sweetness, and add maple syrup if desired.

Divide oatmeal into four bowls and top

with remaining prunes and hazelnuts.

Fruit Salad, serves 4 to 6

dairy: none

fats: none

1 Tb mint

2 small apples, or pears

6 small fresh figs, quartered

1 cup / 5 oz / 140 g raspberries, cut in half

1 large nectarine

2 cups / 10 oz / 280 g seedless grapes

big squeeze of fresh orange juice

drizzle of honey.

Chop mint. Core apples or pears, cut

into 1” cubes. Keep them covered in lemon

water until ready to use. Quarter figs, halve

raspberries, pit and cube nectarine. Drain

apples well, just before combining fruit. Add

orange juice, mint, and honey. Toss very

gently, avoid bruising the fruit. Serve

immediately.

Lunch

White Beans and Cabbage, serves 4

dairy: less than 1/4 serving

unsaturated fats: 1 tsp/serving

saturated fats: 1/4 tsp/serving

2 Tb extra-virgin olive oil

4 oz / 115 g potatoes, unpeeled

fine-grain sea salt

1 large shallot, thinly sliced

2 cups / 12 oz / 340 g cooked and cooled

white beans, or 1(15 oz) can white beans

3 cups / 8 oz / 225 g very finely shredded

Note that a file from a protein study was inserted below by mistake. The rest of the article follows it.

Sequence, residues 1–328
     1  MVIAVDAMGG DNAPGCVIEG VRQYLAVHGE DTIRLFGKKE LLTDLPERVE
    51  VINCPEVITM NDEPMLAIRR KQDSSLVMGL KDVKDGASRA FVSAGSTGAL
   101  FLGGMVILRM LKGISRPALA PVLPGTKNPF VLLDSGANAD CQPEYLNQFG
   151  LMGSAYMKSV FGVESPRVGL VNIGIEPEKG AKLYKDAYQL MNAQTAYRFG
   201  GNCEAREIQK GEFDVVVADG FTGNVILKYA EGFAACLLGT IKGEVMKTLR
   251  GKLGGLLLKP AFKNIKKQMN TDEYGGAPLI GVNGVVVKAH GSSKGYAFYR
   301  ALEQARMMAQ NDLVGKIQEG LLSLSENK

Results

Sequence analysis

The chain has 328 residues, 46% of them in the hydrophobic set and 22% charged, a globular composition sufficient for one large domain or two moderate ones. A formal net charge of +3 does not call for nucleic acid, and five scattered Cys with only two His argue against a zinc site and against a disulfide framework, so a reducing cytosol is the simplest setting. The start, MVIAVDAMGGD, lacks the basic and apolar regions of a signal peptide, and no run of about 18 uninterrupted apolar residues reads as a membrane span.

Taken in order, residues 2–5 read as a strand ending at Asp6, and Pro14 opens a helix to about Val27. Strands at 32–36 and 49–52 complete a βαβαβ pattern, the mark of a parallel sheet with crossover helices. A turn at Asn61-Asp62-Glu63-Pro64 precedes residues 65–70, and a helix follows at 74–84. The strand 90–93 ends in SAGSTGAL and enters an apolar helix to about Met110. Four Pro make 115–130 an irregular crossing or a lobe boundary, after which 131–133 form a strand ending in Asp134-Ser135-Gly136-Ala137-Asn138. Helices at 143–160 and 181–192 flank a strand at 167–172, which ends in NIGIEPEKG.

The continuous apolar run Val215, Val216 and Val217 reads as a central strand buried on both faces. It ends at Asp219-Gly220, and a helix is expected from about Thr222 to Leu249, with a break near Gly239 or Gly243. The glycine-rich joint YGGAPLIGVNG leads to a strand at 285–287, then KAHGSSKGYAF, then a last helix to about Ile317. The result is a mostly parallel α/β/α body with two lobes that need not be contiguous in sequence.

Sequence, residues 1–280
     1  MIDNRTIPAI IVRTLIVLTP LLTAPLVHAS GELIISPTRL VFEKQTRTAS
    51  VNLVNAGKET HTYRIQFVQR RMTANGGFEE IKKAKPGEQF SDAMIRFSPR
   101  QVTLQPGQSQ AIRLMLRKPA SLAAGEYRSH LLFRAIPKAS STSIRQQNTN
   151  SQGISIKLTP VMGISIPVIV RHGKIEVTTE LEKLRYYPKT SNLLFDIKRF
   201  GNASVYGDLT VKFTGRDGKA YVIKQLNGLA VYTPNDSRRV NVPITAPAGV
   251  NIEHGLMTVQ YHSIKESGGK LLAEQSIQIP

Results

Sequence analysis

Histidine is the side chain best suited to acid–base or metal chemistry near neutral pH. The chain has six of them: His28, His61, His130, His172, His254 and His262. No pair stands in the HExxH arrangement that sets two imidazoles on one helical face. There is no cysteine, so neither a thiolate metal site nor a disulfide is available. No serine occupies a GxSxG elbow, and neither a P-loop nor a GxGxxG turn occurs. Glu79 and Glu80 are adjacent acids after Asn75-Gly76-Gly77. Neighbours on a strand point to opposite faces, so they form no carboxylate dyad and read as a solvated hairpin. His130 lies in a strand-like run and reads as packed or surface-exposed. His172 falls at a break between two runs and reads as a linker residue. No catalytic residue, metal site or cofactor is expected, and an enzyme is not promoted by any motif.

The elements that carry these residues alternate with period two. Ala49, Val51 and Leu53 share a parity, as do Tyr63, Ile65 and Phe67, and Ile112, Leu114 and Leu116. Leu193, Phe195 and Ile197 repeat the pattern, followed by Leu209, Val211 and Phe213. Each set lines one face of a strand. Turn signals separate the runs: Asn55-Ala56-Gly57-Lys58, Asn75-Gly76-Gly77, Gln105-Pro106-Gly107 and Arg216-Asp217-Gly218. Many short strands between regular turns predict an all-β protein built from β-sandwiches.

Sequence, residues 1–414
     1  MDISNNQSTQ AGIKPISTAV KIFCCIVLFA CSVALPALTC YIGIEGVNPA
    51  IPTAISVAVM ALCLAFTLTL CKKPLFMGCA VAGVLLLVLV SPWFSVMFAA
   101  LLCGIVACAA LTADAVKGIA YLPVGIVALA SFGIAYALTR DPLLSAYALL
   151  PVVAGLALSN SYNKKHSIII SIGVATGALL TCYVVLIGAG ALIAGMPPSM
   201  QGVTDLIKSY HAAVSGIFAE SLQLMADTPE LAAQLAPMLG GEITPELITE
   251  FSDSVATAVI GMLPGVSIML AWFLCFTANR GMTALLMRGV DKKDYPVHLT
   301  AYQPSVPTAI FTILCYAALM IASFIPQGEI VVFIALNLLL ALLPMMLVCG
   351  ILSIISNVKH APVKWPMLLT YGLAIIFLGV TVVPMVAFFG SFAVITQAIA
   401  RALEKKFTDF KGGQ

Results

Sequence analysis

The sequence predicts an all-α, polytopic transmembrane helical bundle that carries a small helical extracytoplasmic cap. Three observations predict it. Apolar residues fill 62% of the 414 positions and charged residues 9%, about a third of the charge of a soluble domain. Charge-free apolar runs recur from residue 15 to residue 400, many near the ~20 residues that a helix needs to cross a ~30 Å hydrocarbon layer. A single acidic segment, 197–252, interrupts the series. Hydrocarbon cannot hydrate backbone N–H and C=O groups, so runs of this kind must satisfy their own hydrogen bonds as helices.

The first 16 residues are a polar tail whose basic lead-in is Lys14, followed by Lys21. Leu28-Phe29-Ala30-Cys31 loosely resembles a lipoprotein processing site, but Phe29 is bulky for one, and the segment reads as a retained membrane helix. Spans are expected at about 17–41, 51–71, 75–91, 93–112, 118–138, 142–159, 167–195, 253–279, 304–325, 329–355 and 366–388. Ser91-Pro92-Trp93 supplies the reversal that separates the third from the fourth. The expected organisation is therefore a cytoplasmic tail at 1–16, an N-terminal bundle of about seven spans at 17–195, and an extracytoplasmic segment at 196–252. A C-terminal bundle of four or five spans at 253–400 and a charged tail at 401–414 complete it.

green cabbage

a bit of freshly grated parmesan cheese

Scrub and cut potatoes into tiny cubes.

Add olive oil, potatoes, and a large pinch of

salt to a skillet over medium-high heat. Toss,

cover, and cook until potatoes are cooked

through, 5 to 8 minutes. Toss the potatoes

twice while cooking, scraping the pan as you

go.

Slice the shallot thinly, and rinse and

drain the beans well. Stir both into the

potatoes, letting everything brown in a single

layer for a couple minutes. Scrape the pan,

and toss everything together. Cook until the

beans are nicely browned, and crispy on all

sides.

Stir in the cabbage and cook for another

minute, or until the cabbage loses a bit of its

structure. Serve dusted with Parmesan.

Miso-Curry Delicata Squash, serves 4

dairy: none

unsaturated fats: 3 tsp/serving, 4 with chicken

saturated fats: 1/2 tsp/serving, 11/2 with chicken

12 oz / 340 g delicata squash

1/4 cup / 60 ml extra-virgin olive oil

4 Tb white miso paste

1 Tb red Thai curry paste

4 medium new potatoes, unpeeled

2 Tb fresh lemon juice

11/2 cups / 11/2 oz / 45 g chopped kale, stems

removed

1/4 cup/ 11/2 oz / 45 g toasted sunflower seeds